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    Kingston, HWF, Ghose, A, Rungpradubvong, V, Satitthummanid, S, Herdman, MT, Plewes, K, Ishioka, H, Leopold, SJ, Sinha, I, Intharabut, B, Piera, K, McNeil, Y, Mohanty, S, Maude, RJ, White, NJ, Day, NPJ, Yeo, TW, Hossain, MA, Anstey, NM & Dondorp, AM 2020, 'Cell-Free Hemoglobin Is Associated With Increased Vascular Resistance and Reduced Peripheral Perfusion in Severe Malaria', The Journal of infectious diseases, vol. 221, no. 1, pp. 127-137. https://doi.org/10.1093/infdis/jiz359

    Cell-Free Hemoglobin Is Associated With Increased Vascular Resistance and Reduced Peripheral Perfusion in Severe Malaria. / Kingston, Hugh W.F.; Ghose, Aniruddha; Rungpradubvong, Voravut; Satitthummanid, Sudarat; Herdman, M. Trent; Plewes, Katherine; Ishioka, Haruhiko; Leopold, Stije J.; Sinha, Ipsita; Intharabut, Benjamas; Piera, Kim; McNeil, Yvette; Mohanty, Sanjib; Maude, Richard J.; White, Nicholas J.; Day, Nicholas P.J.; Yeo, Tsin W.; Hossain, Md Amir; Anstey, Nicholas M.; Dondorp, Arjen M.

    In: The Journal of infectious diseases, Vol. 221, No. 1, 01.01.2020, p. 127-137.

    Research output: Contribution to journalArticle

    TY - JOUR

    T1 - Cell-Free Hemoglobin Is Associated With Increased Vascular Resistance and Reduced Peripheral Perfusion in Severe Malaria

    AU - Kingston, Hugh W.F.

    AU - Ghose, Aniruddha

    AU - Rungpradubvong, Voravut

    AU - Satitthummanid, Sudarat

    AU - Herdman, M. Trent

    AU - Plewes, Katherine

    AU - Ishioka, Haruhiko

    AU - Leopold, Stije J.

    AU - Sinha, Ipsita

    AU - Intharabut, Benjamas

    AU - Piera, Kim

    AU - McNeil, Yvette

    AU - Mohanty, Sanjib

    AU - Maude, Richard J.

    AU - White, Nicholas J.

    AU - Day, Nicholas P.J.

    AU - Yeo, Tsin W.

    AU - Hossain, Md Amir

    AU - Anstey, Nicholas M.

    AU - Dondorp, Arjen M.

    PY - 2020/1/1

    Y1 - 2020/1/1

    N2 - Background: In severe falciparum malaria, unlike sepsis, hypotension on admission is uncommon. We hypothesized that low nitric oxide bioavailability due to the presence of cell-free hemoglobin (CFH) increases vascular tone in severe malaria. Methods: Patients with severe malaria (n = 119), uncomplicated malaria (n = 91), or suspected bacterial sepsis (n = 56), as well as healthy participants (n = 50), were recruited. The systemic vascular resistance index (SVRI) was estimated from the echocardiographic cardiac index and the mean arterial pressure. Results: SVRI and hematocrit levels were lower and plasma CFH and asymmetric dimethylarginine levels were higher in patients with malaria, compared with healthy participants. In multivariate linear regression models for mean arterial pressure or SVRI in patients with severe malaria, hematocrit and CFH but not asymmetric dimethylarginine were significant predictors. The SVRI was lower in patients with suspected bacterial sepsis than in those with severe malaria, after adjustment for hematocrit and age. Plasma CFH levels correlated positively with the core-peripheral temperature gradient and plasma lactate levels and inversely with the perfusion index. Impaired peripheral perfusion, as reflected by a low perfusion index or a high core-peripheral temperature gradient, predicted mortality in patients with severe malaria. Conclusions: CFH is associated with mean arterial pressure, SVRI, and peripheral perfusion in patients with severe malaria. This may be mediated through the nitric oxide scavenging potency of CFH, increasing basal vascular tone and impairing tissue perfusion.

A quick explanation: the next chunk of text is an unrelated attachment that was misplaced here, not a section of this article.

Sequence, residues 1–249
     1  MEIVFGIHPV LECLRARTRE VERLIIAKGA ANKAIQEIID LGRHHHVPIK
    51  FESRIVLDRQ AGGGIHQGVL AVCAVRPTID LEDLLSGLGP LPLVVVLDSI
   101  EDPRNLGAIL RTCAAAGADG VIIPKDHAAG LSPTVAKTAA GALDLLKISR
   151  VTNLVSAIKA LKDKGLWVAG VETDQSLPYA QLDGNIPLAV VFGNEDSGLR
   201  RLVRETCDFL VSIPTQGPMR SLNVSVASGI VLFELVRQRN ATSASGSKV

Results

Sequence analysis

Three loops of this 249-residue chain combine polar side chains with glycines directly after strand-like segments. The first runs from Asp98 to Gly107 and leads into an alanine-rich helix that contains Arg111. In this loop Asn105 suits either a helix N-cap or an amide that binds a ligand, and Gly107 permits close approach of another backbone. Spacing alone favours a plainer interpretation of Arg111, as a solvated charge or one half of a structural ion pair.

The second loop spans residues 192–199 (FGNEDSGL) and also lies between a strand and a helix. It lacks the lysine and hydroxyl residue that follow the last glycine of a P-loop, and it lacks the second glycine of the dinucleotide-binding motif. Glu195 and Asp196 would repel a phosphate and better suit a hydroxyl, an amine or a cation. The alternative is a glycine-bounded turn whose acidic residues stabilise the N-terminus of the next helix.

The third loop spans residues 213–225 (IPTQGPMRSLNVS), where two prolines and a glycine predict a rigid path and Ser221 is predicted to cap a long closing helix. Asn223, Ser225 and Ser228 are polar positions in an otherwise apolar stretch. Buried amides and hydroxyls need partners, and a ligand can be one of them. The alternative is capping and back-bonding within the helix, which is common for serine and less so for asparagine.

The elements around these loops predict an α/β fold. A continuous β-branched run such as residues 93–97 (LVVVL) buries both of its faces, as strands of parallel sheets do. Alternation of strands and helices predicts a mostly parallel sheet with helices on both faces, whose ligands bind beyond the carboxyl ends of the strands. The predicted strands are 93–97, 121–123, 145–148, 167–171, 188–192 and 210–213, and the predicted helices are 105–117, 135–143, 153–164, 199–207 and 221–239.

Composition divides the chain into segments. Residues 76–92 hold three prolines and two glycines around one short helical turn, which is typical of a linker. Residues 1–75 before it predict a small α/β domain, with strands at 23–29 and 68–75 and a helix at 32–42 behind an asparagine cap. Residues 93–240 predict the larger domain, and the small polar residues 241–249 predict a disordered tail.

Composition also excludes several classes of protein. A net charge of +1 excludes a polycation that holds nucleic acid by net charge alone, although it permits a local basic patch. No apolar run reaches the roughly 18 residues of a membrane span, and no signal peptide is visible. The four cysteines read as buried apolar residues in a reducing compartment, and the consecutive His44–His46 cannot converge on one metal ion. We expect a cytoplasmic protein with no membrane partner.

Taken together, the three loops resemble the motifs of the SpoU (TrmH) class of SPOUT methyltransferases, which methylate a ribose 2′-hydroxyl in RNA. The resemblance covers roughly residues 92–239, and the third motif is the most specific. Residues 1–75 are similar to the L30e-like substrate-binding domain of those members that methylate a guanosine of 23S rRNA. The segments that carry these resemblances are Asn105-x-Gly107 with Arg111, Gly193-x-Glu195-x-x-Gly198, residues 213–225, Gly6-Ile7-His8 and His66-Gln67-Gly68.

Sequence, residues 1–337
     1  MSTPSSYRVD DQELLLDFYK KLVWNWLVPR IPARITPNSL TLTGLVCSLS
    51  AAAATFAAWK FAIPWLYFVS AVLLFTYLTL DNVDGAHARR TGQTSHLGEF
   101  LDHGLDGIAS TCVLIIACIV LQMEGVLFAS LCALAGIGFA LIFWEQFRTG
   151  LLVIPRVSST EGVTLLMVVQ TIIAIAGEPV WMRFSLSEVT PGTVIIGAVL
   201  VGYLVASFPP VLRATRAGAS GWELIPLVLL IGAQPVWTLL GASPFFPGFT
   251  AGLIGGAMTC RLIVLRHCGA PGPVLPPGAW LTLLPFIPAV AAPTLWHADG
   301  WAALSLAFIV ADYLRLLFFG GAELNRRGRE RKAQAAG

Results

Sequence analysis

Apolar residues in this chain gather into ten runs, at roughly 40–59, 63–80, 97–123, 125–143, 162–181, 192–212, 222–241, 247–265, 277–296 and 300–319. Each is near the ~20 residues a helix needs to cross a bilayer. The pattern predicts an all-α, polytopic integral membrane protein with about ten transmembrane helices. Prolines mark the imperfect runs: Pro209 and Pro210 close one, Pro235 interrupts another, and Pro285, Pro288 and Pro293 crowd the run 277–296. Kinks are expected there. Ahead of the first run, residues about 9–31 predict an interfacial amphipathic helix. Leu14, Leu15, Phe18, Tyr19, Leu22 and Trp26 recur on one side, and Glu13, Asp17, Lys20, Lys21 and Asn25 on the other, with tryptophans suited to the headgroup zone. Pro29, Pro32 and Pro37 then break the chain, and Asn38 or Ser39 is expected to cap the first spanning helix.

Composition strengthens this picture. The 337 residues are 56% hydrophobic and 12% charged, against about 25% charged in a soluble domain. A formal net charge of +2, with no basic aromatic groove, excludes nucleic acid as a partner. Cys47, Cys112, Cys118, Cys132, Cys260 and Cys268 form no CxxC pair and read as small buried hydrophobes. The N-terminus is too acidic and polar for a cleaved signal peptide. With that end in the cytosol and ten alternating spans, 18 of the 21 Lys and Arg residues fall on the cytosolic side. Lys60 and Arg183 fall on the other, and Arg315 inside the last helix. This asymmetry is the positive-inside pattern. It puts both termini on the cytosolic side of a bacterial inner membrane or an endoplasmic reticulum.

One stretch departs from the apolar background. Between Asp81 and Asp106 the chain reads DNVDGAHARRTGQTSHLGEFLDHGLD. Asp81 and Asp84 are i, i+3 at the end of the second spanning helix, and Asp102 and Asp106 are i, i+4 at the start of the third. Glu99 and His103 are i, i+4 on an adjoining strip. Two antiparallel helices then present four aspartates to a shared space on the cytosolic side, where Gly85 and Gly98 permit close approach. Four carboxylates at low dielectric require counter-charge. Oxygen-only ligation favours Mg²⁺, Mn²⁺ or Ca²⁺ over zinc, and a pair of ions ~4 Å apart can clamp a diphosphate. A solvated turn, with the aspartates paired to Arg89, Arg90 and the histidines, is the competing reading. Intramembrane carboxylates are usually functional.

AB - Background: In severe falciparum malaria, unlike sepsis, hypotension on admission is uncommon. We hypothesized that low nitric oxide bioavailability due to the presence of cell-free hemoglobin (CFH) increases vascular tone in severe malaria. Methods: Patients with severe malaria (n = 119), uncomplicated malaria (n = 91), or suspected bacterial sepsis (n = 56), as well as healthy participants (n = 50), were recruited. The systemic vascular resistance index (SVRI) was estimated from the echocardiographic cardiac index and the mean arterial pressure. Results: SVRI and hematocrit levels were lower and plasma CFH and asymmetric dimethylarginine levels were higher in patients with malaria, compared with healthy participants. In multivariate linear regression models for mean arterial pressure or SVRI in patients with severe malaria, hematocrit and CFH but not asymmetric dimethylarginine were significant predictors. The SVRI was lower in patients with suspected bacterial sepsis than in those with severe malaria, after adjustment for hematocrit and age. Plasma CFH levels correlated positively with the core-peripheral temperature gradient and plasma lactate levels and inversely with the perfusion index. Impaired peripheral perfusion, as reflected by a low perfusion index or a high core-peripheral temperature gradient, predicted mortality in patients with severe malaria. Conclusions: CFH is associated with mean arterial pressure, SVRI, and peripheral perfusion in patients with severe malaria. This may be mediated through the nitric oxide scavenging potency of CFH, increasing basal vascular tone and impairing tissue perfusion.

    KW - cell-free hemoglobin

    KW - hemodynamics

    KW - nitric oxide

    KW - Severe malaria

    KW - vascular resistance

    KW - vascular tone

    UR - http://www.scopus.com/inward/record.url?scp=85076505939&partnerID=8YFLogxK

    U2 - 10.1093/infdis/jiz359

    DO - 10.1093/infdis/jiz359

    M3 - Article

    C2 - 31693729

    AN - SCOPUS:85076505939

    VL - 221

    SP - 127

    EP - 137

    JO - Journal of Infectious Diseases

    JF - Journal of Infectious Diseases

    SN - 0022-1899

    IS - 1